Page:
Roberts says companies are investing billions of pounds in improving their customer service levels. But CCWater argues that there is a major opportunity for the water industry to improve its handling of complaints about billing and charges if it wants to see a real reduction in complaint levels.

Of the 95,000 written complaints received from household and non-household customers, more than 54,000 related to billing and charges. The category has always accounted for over half of all written complaints to companies, and for more than 50 per cent of the complaints handled by CCWater. A near 10,000 fall in the number of billing and charges complaints accounted for the vast majority of the overall reduction in written complaints for the period.

The watchdog says it will work with companies to find the root cause of complaints. It says: “We will continue to ask poor performing companies to provide regular reports until we are satisfied. secure a favourable position in the next complaints report.

Moving forward

CCWater’s collaborative approach to raising the performance of poor performers is laudable, but the challenge for laggards under the current regime for water sector complaints tracking is about to step up a gear.

For next year, CCWater’s scrutiny of complaints will extend to social media channels and review the number of communications options each company provides, as a measure of their approachability. The change marks a step towards the new “C-MEX” customer satisfaction incentive which Ofwat has proposed for PR19, a mechanism which is designed to stretch companies, but also promises bigger rewards for top achievers.

With both the size of the prize and the size of the challenge for good complaints handling on the up, there has never been a better time for companies to raise their game.


Case studies, written complaints

Best performer – Dee Valley

Dee Valley replaced Portsmouth as the best performing company after it reduced written complaints for the sixth successive year, with a decrease of 35 per cent.

A spokesperson for Severn Trent, which acquired Dee Valley earlier this year, said: “While the figures in the report are heartening, there’s always more that we can, and will, do to improve things.

“We’ve made very real progress in areas such as sewer flooding, which can be one of the most terrible things anyone can experience. We’re committed to doing the best job we can for customers, and to finding ways to make things even better.”


Most improved – Bournemouth Water

Bournemouth Water has returned to its usual position of being one of the better performing companies after reducing its complaints through improvements to its case management system.

A spokesperson, said: “We’re pleased that the number of written complaints we receive has fallen by one-third since last year and we have reduced the number of ‘unwanted contacts’ by 26 per cent. Our customer satisfaction rating is 95 per cent.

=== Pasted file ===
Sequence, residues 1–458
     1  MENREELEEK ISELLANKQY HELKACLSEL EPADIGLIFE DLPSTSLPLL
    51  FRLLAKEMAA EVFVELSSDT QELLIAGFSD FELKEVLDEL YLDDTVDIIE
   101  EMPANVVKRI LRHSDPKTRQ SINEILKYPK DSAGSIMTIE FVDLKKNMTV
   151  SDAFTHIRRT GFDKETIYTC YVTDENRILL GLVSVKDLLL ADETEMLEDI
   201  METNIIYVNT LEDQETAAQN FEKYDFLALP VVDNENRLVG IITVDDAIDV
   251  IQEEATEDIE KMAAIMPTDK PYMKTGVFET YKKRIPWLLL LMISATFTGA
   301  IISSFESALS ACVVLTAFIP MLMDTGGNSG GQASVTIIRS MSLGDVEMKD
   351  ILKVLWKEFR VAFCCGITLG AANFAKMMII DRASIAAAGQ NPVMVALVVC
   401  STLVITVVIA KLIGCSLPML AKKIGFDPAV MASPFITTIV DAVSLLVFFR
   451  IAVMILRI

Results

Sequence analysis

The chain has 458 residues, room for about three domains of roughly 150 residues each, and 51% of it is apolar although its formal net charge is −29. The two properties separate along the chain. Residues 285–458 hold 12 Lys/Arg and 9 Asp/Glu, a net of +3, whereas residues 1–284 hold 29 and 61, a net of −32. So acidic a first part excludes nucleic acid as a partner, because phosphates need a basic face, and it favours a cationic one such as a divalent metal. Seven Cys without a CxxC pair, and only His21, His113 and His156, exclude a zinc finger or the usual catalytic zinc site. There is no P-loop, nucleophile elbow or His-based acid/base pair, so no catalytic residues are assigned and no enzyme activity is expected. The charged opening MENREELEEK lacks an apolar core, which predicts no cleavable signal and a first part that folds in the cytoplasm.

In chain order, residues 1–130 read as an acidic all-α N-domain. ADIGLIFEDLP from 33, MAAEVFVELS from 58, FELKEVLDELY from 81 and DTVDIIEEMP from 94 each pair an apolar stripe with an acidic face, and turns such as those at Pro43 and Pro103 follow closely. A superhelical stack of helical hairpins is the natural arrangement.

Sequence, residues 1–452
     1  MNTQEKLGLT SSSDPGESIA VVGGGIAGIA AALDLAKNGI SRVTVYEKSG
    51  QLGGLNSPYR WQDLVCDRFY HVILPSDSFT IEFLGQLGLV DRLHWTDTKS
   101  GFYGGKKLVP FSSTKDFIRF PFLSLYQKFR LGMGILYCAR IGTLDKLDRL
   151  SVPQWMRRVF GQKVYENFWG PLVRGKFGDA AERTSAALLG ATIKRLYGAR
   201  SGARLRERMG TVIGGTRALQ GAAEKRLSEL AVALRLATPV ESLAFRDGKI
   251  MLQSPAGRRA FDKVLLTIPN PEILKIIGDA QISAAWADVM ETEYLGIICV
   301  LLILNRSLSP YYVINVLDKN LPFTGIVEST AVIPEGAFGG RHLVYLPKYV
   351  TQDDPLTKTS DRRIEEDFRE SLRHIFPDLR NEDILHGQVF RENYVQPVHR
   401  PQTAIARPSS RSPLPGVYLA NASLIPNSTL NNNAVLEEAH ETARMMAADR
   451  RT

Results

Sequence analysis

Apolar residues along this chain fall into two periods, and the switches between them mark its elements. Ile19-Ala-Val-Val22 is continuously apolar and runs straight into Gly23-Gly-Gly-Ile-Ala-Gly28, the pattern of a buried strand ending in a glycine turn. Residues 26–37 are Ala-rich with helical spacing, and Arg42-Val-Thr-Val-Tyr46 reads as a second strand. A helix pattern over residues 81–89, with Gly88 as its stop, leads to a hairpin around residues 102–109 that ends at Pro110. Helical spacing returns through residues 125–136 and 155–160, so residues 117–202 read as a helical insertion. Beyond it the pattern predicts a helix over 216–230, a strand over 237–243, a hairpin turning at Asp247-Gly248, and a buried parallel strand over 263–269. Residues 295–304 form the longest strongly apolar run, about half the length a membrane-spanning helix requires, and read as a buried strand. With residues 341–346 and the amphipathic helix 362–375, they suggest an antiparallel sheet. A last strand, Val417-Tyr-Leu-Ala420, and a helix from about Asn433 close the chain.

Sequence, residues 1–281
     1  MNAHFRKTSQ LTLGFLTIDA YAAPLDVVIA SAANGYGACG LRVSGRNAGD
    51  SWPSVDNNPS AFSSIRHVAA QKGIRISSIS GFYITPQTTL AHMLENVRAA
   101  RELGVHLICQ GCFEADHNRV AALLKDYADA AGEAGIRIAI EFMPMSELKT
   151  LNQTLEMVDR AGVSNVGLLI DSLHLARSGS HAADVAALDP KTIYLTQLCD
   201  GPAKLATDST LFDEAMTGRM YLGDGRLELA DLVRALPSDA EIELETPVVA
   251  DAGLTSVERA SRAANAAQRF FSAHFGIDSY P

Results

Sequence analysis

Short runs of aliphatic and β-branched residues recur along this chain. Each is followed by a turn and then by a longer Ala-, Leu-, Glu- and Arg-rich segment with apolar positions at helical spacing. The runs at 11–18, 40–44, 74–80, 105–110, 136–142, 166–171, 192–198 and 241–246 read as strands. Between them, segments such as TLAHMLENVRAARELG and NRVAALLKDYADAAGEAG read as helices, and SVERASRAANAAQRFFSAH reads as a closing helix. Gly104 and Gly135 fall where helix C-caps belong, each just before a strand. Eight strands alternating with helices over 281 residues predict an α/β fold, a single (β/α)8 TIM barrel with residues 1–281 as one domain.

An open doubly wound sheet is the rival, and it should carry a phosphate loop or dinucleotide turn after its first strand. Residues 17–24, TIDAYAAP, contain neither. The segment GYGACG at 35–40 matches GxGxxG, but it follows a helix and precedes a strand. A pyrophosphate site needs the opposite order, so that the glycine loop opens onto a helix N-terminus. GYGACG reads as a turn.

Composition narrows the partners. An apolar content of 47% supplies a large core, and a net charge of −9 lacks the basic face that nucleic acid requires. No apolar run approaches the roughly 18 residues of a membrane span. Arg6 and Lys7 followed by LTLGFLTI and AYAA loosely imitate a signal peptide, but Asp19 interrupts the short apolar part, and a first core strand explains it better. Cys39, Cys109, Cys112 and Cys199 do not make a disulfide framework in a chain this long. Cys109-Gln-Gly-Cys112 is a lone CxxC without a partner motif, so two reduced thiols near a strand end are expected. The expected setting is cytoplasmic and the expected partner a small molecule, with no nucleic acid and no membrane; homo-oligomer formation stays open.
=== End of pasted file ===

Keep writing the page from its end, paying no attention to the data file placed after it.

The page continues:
“When we receive a complaint, we work very hard to resolve it as quickly as possible and we keep customers fully informed at all stages while we investigate. We analyse all complaints and identify areas where we can improve further.”


Worst performer – Southern Water

Southern Water has the highest number of written complaints per 10,000 connected properties, despite seeing a drop of 45 per cent.

Southern’s increase of 77,082 (+54 per cent) in unwanted contacts was a result of a review of the company’s internal recording process. Simon Oates, chief customer officer, said: “Although we are still down the foot of the table I am really proud of our written complaints reduction.

“We know we have more to do but we are fully focused on delivering improvements to move up the table.

“We have improved our digital communication channels and have made changes to our billing and debt prevention processes.”


Most deteriorated – Cambridge Water

Cambridge Water was labelled a “cause for concern” by CCWater after it saw a 249 per cent increase in written complaints, while unwanted contacts also rose.

The main cause of the increase was customer disquiet about its billing and collections activity when it transferred its customer service activities to parent company South Staffs.

Phil Newland, managing director, said: “We’re extremely disappointed with the level of complaints received during 2016/17 because for many years we have been one of the industry’s top performing companies.

“We received 488 complaints last year compared to our usual average of around 190 per year.

He said the company has identified areas of improvement and is working with CCWater, sharing regular updates with them. It expects to see a full recovery by next year.